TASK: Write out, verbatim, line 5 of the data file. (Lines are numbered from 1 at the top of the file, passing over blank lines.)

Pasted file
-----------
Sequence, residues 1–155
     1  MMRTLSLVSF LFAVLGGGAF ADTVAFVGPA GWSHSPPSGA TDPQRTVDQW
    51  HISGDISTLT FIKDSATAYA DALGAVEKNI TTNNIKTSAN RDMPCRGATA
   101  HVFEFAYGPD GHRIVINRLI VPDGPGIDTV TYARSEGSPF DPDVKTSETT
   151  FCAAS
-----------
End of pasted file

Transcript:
   151  FCAAS